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be sold in interstate commerce, prosecutors should establish this fact, and argue that it sufficiently meets this element.” United States Department of Justice,

United States Attorneys’ Manual, tit. 9, Criminal Resource Manual at 1135. Even if “produced for” could be read in the abstract as the district court read it — to mean “produced for the benefit of” — that phrase simply will not bear that interpretation in the context of the EEA, where it is part of the parallel construction “produced for or placed in interstate or foreign commerce.” To the contrary, that phrase must be read as the DOJ and U.S. Attorney’s Manual read it: to describe a product that is intended to move or actually moves in interstate commerce. Here, the allegations of the Indictment established unequivocally that the Trading System is not currently, has not ever been, and will not ever be distributed commercially for public use or consumption. Accordingly, the EEA Count should have been dismissed for failure to state an offense. B. The District Court’s Interpretation Of The EEA Ignores The Statute’s Plain Language, Violates Fundamental Principles Of Statutory Construction, And Alters The Balance Between State And Federal Prosecutions Of A Traditional State-Law Offense.

To sustain the Indictment’s EEA Count and uphold Aleynikov’s conviction, the district court reasoned that the Trading System was “produced for” interstate commerce because “the sole purpose for which Goldman purchased, developed, 30

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and modified the computer programs that comprise the Trading System was to engage in interstate and foreign commerce.” (SPA-13.) The court thus found that the “produced for” element was satisfied because “the Trading System has a strong and substantial connection to interstate and foreign commerce.” (SPA-25.) But by no stretch of language can “produced for x” mean “has a strong and substantial connection to x.” Despite the district court’s insistence that its reading of “produced for . . . interstate or foreign commerce” comports with the “plain, ordinary meaning of those terms,” (SPA-13), it provided no precedent — and none exists — interpreting “product produced for or placed in interstate commerce” to mean “product not produced for or placed in interstate commerce, but connected to it.” Of course, no precedent exists for such a bizarre reading of “produced for x.” Rather than explain how and why the Trading System could ever be said to constitute a “product produced for or placed in interstate or foreign commerce,” the court ignored that statutory requirement, arguing that the only “plausible explanation” for its inclusion in the statute was that “Congress needed to supply a basis for federal jurisdiction to § 1832.” (SPA-18.) The district court apparently reasoned as follows: because Congress had the constitutional power to render the theft of trade secrets a federal crime provided there was a sufficient nexus between that crime and interstate commerce, it should be understood to have done so notwithstanding the actual language of the statute. The district court found that 31

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given the legislative history reflecting Congress’s belief that the theft of trade secrets was a problem requiring a “comprehensive tool for law enforcement personnel” (SPA-13-15), it could give the EEA’s jurisdictional element an interpretation so broad as to impose virtually no limitation on the types of trade secret theft — a traditional state-law crime — that can be prosecuted federally. But a jurisdictional element is hardly trivial. To the contrary, it reflects the importance of the constitutional limits on the national government — the executive and the judiciary as well as the legislature. In passing the EEA in 1996, Congress did not seek to test the limits of its constitutional power, nor even exercise it to the fullest. If it had, it would have used the well-known and well-worn language of “affecting commerce,” or tracked the “substantially-affecting-commerce” language of United States v. Lopez, 514 U.S. 549, 558 (1995), decided one year earlier. Instead, it expressly limited the reach of the EEA to the theft of a trade secret included in or related to a “product that is produced for or placed in interstate or foreign commerce.” 18 U.S.C. § 1832(a). Venturing where Congress declined to tread, the executive suggested and the district court embraced an interpretation of that language that tests the limits of the nation’s power under the Commerce Clause as defined in Lopez and United States v. Morrison, 529 U.S. 598 (2000). In passing the EEA, Congress did not intend to regulate all things that are 32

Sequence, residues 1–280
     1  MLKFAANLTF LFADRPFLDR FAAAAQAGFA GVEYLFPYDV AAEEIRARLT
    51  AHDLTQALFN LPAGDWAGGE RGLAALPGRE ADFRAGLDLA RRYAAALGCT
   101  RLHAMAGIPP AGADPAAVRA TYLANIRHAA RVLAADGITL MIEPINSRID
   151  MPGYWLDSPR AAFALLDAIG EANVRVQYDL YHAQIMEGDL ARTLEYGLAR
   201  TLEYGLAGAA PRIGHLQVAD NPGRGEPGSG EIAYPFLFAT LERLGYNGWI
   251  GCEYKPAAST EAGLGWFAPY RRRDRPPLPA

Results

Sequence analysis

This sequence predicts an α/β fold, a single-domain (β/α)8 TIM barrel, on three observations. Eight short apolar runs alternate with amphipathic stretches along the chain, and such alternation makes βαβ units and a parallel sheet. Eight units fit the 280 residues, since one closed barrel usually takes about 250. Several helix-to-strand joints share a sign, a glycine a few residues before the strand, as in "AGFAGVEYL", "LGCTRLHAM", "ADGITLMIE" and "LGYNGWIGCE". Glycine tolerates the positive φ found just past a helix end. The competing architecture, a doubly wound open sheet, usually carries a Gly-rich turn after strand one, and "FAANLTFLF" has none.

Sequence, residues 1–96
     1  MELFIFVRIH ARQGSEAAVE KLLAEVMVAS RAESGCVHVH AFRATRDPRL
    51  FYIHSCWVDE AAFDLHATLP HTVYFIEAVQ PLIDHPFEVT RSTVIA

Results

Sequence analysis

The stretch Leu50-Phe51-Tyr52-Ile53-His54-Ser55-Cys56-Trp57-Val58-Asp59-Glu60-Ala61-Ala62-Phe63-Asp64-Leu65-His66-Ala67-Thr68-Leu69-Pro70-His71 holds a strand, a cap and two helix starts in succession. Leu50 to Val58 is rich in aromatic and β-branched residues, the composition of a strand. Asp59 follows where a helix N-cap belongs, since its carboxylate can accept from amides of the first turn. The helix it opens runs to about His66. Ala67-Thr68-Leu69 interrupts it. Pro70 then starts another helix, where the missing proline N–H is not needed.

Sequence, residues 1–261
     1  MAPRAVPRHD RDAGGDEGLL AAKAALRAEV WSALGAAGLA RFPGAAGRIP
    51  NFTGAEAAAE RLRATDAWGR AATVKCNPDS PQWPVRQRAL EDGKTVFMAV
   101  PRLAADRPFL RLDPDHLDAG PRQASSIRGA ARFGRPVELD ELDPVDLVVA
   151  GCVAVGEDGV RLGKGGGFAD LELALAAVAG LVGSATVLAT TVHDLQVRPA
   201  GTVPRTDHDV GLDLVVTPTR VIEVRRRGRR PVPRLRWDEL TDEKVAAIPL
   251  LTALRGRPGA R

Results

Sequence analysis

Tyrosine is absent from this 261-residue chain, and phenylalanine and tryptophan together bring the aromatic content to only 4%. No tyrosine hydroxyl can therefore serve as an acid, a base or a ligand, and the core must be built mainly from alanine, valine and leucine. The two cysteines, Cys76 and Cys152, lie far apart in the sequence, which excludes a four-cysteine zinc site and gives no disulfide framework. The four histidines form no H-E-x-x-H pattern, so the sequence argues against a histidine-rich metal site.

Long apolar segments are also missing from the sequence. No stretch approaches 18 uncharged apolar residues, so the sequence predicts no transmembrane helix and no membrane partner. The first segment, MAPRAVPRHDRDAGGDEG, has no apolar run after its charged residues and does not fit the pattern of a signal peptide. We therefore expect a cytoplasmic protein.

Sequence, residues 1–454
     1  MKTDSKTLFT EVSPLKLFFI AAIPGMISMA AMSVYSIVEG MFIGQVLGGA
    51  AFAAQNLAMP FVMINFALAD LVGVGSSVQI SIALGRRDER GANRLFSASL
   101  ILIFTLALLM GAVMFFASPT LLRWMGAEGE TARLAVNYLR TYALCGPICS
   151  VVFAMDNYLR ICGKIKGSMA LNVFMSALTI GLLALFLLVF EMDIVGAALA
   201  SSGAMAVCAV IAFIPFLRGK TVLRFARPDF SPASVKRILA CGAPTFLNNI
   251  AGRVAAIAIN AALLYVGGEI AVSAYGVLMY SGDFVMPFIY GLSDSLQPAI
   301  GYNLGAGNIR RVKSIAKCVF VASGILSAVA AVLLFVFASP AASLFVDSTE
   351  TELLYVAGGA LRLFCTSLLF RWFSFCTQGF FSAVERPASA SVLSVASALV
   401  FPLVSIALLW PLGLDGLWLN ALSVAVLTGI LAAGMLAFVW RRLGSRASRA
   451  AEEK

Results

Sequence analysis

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made for use in, for the benefit of, or to enable, interstate commerce; its careful use of the phrase “produced for or placed in interstate or foreign commerce” belies such intent. But to salvage the defective Indictment and avoid the constitutional implications of its own broad construction, the district court engrafted a requirement of a “strong and substantial connection” to interstate commerce found nowhere in the statute. (SPA-25.) That is not an element of the offense as defined by Congress and, indeed, bears no resemblance to any element defined by Congress. While the district court explains its willingness to adopt a tortured reading of the “produced for” requirement based on the fact that the product at issue in this case — the Trading System — has a “strong and substantial connection” to interstate commerce, it is improper to evaluate an Act of Congress under the Commerce Clause on an as-applied basis, permitting conviction in cases where there happens to be a sufficient connection to interstate commerce but finding the statute unconstitutional as applied to cases lacking such a connection. An Act of Congress challenged under the Commerce Clause stands or falls as a whole. In keeping with this principle, the gun-free school zone conviction in Lopez was not salvaged by proof that Lopez only brought the gun to school to sell it: That Alfonzo Lopez brought his gun to school for the purpose of making a sale was irrelevant to the Lopez 33